My rating: 4 of 5 stars
Publish Date: February 6, 2018
Thank you to Edelweiss, the Penguin Publishing Group – Viking, and Matt Haig for the privilege of previewing this book in exchange for an honest review.
This book has a lot of buzz. It has a Goodreads average rating of 4.13 on 5,767 ratings, and it’s going to be made into a movie starring Benedict Cumberbatch!
Tom Hazard has a secret. He may look like an ordinary 41-year-old, but because of a rare condition called anageria, he’s been alive since 1581. Tom has met a lot of famous people like Shakespeare, F. Scott & Ella Fitzgerald, experienced major historical events firsthand, and witnessed many inventions become real. He just wants an ordinary life, but because of his secret, he must move every 8 years and reinvent himself.
It is now 2017 and Tom moves back to London, his old home, to become a high school history teacher – the perfect job for someone like him who has witnessed history first hand.
Tom has lived in London before, and returning to the city is bittersweet for him because it holds many memories of love, laughter, friendship, heartache, pain, anguish, and grief.
How to Stop Time by Matt Haig is a book about change, and a powerful story about life, living, and learning.
Would you want a lifespan as long as 500 years, and maybe even longer? Imagine never being able to get close to anyone, never being able to tell anyone about your secrets, and then every eight years you have to assume a new identity, relocate to a completely new area. You have to start all over again and again and again. What quality of life do you have if you can’t be your true self, can’t share things with other people, and can’t experience love and close relationships?
This is the life that Tom Hazard is “living”. But is that really living? He goes through life with very little joy, love, companionship or close relationships. And he’s SO.DAMN.OLD. What a way to go through life, especially when yours is 6-7 times longer than the average person – it’s more like enduring and suffering. Tom’s inability to change has him stuck and unsatisfied.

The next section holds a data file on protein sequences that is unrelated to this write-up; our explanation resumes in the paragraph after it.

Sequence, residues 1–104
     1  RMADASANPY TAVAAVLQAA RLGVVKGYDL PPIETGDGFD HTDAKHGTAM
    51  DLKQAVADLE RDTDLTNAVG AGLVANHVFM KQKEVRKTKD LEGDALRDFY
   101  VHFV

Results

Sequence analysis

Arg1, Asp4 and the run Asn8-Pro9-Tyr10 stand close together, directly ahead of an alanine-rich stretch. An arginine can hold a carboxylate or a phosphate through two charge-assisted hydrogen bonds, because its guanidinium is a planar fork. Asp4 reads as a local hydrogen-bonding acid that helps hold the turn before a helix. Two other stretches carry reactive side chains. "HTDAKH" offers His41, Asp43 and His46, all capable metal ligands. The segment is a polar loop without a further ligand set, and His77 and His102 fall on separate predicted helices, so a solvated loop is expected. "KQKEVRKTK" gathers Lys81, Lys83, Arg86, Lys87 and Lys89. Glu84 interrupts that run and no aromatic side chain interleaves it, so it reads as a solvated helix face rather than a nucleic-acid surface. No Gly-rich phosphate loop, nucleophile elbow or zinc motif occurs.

Life is about change; it has ups and downs, but change is one of the few constants of life. Change is often a complex and difficult process, and it is inevitable. Managing change on the personal level requires new thinking. There are five outcomes an individual must achieve for change to be successful: awareness, desire, knowledge, ability, reinforcement – or ADKAR, which is a change management model created by a company called Prosci. Tom can really use some change management techniques to cope with his emotional struggles.
The book makes you think about your own life, who you love, choices, and the actions that you take because of it.
“Can a life without love still be worth living?”
The story goes back and forth in time. The author transported me into the world of this book through Tom’s eyes. I witnessed history through Tom. I saw the mistakes that people make, over and over again regardless of the time period. Same story, different time.
The characters are well developed, especially Tom, and the author gave plenty of backstory for the reader to understand him fully, including vivid descriptions on the wide range of feelings about his condition – especially the sadness, loneliness, heartache, pain, guilt and torment that Tom feels. However, he doesn’t seem to experience much joy, gratitude, serenity, interest, pride, joy, gratitude, hope, or inspiration. He goes through his life “getting by” emotionally, with his mind stuck in the past, recalling previous events over and over. He never makes peace with himself over these traumatic events. He seems to be forever in mourning about the death of his mother and his beloved wife Rose. What kind of life is that, especially if the person’s 436 years old?
This book reminds you that life is precious. Love the people around you, because you never know what can happen. Life can change in an instant, and life as you know it might become a distant memory.
“One makes mistakes; that is life. But it is never a mistake to have loved.” – Romain Rolland
This is my first experience with Matt Haig’s writing and I loved it. His writing is very beautiful, full of feeling, and distinctive. His voice was consistent throughout the book, and there were many quotes that stood out.
The book was easy to read and un-put-downable. I binge read it over a few days. It made me think about so many things, specifically Tom’s anageria and how it shapes his life, his perspective, and his relationships. The story reminds me of the movie The Age of Adeline, starring Blake Lively, where she ages very, very slowly and is “stuck” at age 29.
This book will stay in my mind for a long time and I definitely recommend it. I think this quote sums up the story’s theme: